DGI-2 Work Package 5

Development projects

Jobzentrisches Monitoring mit AMon

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DGI-2 work package 5, "Development Projects," involves realising the requirements formulated by the communities relating to new developments or enhancements to existing components.

The activities concentrate on the areas of accounting, Customer Relationship Management (CRM), monitoring and GridSphere. The activities of the individual work packages will be presented to the communities via the publication of deliverables as well as the organisation of workshops to present the individual focal points. This will allow the communities to discuss the individual work packages so that their feedback can be obtained, which will then be taken into consideration in further activities.

Accounting in the D-Grid records data about the utilisation of the resources provided by the individual users. This accounting process records the use of resources of the D-Grid"s backbone as well as those of the communities. D-Grid accounting is based on the Distributed Grid Accounting System (DGAS), which was originally developed in the DataGrid. DGAS was adjusted to the requirements of the D-Grid in order to record the use of computer resources, independently of the middleware via which the usage was initiated. A client records the accounting information in the batch system of the individual site and transfers it to the accounting server. An encrypted connection is used between the client and the central accounting server in order to protect the data against attacks on integrity and confidentiality.

Access to the accounting data occurs on the basis of strong authentication using X.509 certificates in accordance with a hierarchical model of roles. The primary focus of the tasks in this work package is on developing new metrics in terms of accounting for relevant resource types. Examples for these developments include accounting for usage of storage resources, software subject to licensing and data that is subject to fees.

The Customer Relationship Management (CRM) work package involves analysing the data recorded in accounting. CRM makes it possible to join the individual pieces of data in context and interpret them. The information correlated in this way provides insights into trends in user behaviour, enabling resource providers to handle changing requirements and react to them in a timely manner. Within the context of the Grid, the aim of CRM is to give resource providers the means to optimise their service for the communities through interpretation of the available information. Knowledge of user behaviour should continue to facilitate the development of new services as well as the optimisation of resource utilisation.

The GridSphere portal framework provides a web portal that makes it quick and easy for developers to create web applications that run in GridSphere portal containers. The grid functionality in GridSphere is provided by the GridPortlet application, which is based on the GridSphere portal framework. This can be used to equip any GridSphere-based application with grid functionality. The core GridSphere provides a comprehensive array of portlets for configuring and administering the portal. The layout portlet is responsible for creating the portal pages for guests and users who are logged in. The administration portlet is responsible for the creation and administration of users and groups, as well as the general portal settings. The aim of the development is to improve the usability of the GridSphere portal framework and enhance it in order to optimise the usability of the grid infrastructure for current users and future user groups. Among other things, this includes the integration of GridSphere in existing environments (e.g. Shibboleth and X.509 certificates) as well as improving support for the Globus Toolkit 4.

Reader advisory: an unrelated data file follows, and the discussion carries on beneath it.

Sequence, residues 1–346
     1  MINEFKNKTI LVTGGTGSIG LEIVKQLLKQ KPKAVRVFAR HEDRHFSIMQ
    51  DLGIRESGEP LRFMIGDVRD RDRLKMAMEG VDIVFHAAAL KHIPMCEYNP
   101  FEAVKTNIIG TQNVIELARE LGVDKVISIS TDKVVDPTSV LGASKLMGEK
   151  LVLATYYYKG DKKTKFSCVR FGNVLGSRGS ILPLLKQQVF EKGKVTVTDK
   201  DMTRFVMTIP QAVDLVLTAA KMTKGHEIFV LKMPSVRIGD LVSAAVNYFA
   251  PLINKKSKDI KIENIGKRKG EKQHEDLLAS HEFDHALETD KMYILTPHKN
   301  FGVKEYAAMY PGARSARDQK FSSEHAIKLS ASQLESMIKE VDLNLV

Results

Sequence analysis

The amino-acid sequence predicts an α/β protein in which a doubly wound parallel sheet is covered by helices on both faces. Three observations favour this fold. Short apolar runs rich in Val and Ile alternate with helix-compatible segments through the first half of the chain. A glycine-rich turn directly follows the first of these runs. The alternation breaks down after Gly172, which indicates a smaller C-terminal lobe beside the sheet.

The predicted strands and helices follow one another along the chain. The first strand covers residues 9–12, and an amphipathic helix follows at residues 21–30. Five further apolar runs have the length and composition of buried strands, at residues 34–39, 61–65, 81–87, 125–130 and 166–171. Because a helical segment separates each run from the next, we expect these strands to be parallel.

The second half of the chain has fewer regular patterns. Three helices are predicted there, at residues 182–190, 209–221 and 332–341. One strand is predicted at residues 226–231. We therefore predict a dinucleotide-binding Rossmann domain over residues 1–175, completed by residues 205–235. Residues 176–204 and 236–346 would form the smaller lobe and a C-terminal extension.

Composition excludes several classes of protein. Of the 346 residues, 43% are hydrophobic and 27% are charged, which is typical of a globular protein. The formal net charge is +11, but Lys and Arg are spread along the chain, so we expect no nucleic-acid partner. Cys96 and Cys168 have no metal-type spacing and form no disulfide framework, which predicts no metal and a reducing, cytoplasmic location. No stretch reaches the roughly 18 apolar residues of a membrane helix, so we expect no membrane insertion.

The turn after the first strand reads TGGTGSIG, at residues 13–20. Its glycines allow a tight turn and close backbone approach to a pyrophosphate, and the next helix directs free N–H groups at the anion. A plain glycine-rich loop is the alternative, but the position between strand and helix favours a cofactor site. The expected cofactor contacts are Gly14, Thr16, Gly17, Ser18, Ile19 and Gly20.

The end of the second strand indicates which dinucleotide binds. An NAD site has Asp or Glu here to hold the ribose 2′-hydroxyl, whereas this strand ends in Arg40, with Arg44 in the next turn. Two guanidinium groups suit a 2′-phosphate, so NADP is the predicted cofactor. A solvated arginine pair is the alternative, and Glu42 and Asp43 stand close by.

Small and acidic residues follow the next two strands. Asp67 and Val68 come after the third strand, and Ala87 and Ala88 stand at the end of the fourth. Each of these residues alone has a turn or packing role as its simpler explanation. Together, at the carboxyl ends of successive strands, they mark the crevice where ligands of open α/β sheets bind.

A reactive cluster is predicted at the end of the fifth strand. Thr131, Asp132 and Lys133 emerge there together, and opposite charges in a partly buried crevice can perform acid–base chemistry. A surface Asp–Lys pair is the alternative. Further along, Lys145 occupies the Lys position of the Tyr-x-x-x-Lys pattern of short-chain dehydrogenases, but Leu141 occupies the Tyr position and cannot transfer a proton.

The GRID is designed so that a single user can process a large number of jobs simultaneously on a number of potentially different computer systems. The user requires an effective tool to track whether the jobs are running optimally. For this reason, job-related monitoring with AMon collects a range of monitoring data about the actual job and the computer system in which the job is being carried out. In order to allow the user to benefit from this data, it is prepared and presented in an intuitive, graphical web interface during runtime. AMon can rapidly provide information about jobs for which processing has been unsuccessful or jobs with unusual execution behaviour. For example, the circular chart (as shown above) provides an overview of the current condition/status of the jobs. However, it is not only with cancelled jobs that a more detailed analysis is useful. As such, AMon provides filters that allow users to identify the jobs that are behaving irregularly as quickly as possible. The filters analyse the monitoring data and categorise potential errors. Thus, it is possible, for example, to identify jobs for which there is insufficient main memory or which have made no progress for a long period of time. The filter results are displayed in traffic light-style colour coding.

Suspect jobs can be compared with other jobs or analysed in detail thanks to the recorded monitoring data. This allows a distinction to be made, for example, between problematic jobs and "normal" jobs. Thus, the user can react to problems at an early stage.

All graphical displays are interactive so users can zoom in or click to display detailed information. AMon is already being used successfully in combination with gLite. A monitoring architecture for recording job-related data is currently being developed for Globus4 in order to also make it possible to take advantage of the benefits of AMon with this middleware.